With Earth’s population at a whopping 7.1 billion, resource consumption is a serious concern among the academic community. The ever-increasing demand for goods has pressured manufacturers to employ new techniques to increase production and minimize costs. Experts of all disciplines located all across the world are answering this call, with each bringing their specialties to the table. Colorado School of Mines, widely known for its contributions to the study of renewable energies, is now home to a new project. A stimulating interview, with Dr. Nanette Boyle, revealed groundwork details of this research proposal. Based in the field of synthetic biology, Dr. Boyle hopes to take advantage of cyanobacteria for the production of fuels and pharmaceuticals.
The term “synthetic biology” calls on a different image for each individual. Simply put, it is the design and manipulation of biological substances for purposeful use. Over the past century, synthetic biology has improved the standard of living for many. One of the oldest applications of synthetic biology is the manipulation of the E. coli bacteria for the production of human insulin. The E. coli acts as a host, and the insulin sample needing to be replicated is placed inside the bacteria. The E. coli then naturally reproduces, replicating the insulin in the process. Agents are then added to separate the insulin from the bacteria, resulting in a ready to use product. Since then, E. coli bacteria has been used to develop vaccines, produce pharmaceuticals and biofuels, and synthesize enzymes for a wide variety of uses. Dr. Boyle states, however, that in order for this method to work, “You still have to provide it a carbon source.” The carbon comes from the sugars of certain crop plants and “that is competing with our food supply.” This is where the Doctor steps in, Nanette wishes to improve upon this practice by replacing E. coli with cyanobacteria.
After only a brief description of cyanobacteria, it became clear that E. coli is up against fierce competition. As mentioned, E. coli requires sugar to fuel the process. According to Dr. Boyle, cyanobacteria not only produce their own energy through photosynthesis, but are “Much more efficient at harvesting light than crop plants are.” The bacteria can generate more energy on their own than an equivalent mass of crop plants. Boyle continues by saying, “Cyanobacteria have a much more diverse metabolism than E. coli.” The larger metabolism allows for more possibilities with regards to generating products. As well fitted as the bacteria seem to be, applying the methods used on E. coli is easier said than done.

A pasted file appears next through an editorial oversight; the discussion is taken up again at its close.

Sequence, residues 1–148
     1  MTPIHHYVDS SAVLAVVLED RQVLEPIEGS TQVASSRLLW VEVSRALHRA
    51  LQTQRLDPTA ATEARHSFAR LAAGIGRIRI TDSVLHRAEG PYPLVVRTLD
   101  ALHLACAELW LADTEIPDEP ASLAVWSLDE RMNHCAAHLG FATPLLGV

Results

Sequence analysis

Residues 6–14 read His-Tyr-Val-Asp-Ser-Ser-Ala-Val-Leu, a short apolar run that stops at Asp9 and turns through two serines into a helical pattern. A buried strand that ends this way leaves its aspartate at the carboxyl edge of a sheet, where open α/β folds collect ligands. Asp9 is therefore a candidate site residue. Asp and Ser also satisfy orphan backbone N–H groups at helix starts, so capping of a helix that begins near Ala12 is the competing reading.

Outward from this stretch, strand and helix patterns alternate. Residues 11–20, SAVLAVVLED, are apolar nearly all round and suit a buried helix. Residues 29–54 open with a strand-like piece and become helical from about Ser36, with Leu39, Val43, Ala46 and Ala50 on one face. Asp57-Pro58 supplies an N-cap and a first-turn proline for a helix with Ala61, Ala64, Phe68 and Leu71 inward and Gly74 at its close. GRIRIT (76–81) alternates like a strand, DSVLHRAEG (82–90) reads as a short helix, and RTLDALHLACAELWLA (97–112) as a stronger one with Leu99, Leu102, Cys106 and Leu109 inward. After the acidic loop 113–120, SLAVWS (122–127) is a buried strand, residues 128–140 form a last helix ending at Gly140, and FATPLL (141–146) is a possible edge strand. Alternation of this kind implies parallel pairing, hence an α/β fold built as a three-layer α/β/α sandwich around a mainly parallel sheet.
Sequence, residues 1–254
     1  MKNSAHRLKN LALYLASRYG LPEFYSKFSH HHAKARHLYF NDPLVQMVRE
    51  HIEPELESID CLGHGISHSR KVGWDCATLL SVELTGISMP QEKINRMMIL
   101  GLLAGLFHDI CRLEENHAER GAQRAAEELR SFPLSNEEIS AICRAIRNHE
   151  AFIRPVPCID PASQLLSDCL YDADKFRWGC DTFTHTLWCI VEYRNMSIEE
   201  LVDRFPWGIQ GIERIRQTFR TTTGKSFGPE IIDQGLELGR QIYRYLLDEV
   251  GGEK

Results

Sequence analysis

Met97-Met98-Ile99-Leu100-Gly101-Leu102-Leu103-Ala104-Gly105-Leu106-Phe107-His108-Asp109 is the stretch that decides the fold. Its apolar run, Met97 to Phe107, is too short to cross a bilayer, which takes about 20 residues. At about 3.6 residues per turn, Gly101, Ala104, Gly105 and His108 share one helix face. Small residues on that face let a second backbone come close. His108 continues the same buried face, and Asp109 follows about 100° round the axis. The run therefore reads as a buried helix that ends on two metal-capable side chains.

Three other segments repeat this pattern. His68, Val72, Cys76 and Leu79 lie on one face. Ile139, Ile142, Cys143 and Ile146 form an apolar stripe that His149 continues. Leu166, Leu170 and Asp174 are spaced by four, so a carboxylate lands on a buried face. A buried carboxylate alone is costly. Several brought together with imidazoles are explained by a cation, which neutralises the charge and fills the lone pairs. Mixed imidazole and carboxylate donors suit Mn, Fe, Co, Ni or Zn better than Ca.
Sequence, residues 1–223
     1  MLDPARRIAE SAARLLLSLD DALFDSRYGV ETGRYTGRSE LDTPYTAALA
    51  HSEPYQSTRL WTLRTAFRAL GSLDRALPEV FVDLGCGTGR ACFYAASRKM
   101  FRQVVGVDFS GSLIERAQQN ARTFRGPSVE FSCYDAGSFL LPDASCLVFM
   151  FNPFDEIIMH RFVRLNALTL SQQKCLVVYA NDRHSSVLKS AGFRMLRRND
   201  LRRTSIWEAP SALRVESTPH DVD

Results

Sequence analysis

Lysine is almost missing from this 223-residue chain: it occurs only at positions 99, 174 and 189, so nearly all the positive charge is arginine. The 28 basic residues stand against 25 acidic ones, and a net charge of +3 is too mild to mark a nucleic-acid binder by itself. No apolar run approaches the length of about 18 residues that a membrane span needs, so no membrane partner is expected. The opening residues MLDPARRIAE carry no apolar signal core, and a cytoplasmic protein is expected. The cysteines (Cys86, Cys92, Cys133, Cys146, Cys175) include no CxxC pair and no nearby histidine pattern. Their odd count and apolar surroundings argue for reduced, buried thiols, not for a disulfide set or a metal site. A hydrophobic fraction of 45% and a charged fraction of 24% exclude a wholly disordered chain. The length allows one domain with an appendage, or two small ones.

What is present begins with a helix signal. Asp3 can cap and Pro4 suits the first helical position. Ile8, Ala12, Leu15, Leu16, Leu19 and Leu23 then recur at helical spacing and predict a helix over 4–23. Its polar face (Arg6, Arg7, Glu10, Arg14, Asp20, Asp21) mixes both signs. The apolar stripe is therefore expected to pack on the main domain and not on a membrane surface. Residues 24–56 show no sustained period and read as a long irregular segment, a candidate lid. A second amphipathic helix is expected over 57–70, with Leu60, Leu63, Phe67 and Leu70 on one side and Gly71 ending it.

Being in the infancy stage at Mines, concrete project goals have yet to be defined. The first step is to design methodology of manipulating the cyanobacteria. Once complete, the future research team will be able to work on improving the durability of the cyanobacteria, making it a viable option in areas of extreme conditions. From there, it is a matter of finding substances that can be produced through the cyanobacteria with only solar and water input. These objectives are tentative, and will develop as progress is made.
Dr. Boyle described her interest in synthetic engineering as starting in graduate school. Growing up on a farm, Nanette has seen the advances in crop engineering first hand, and noted the increase in yields. She took this interest with her to college where she worked first-hand in this field on projects such as the metabolic modeling of algae. Dr. Boyle expressed her excitement for this particular study, and would like to share it with the community. Undergraduate students interested in a future internship with this project should contact Dr. Boyle.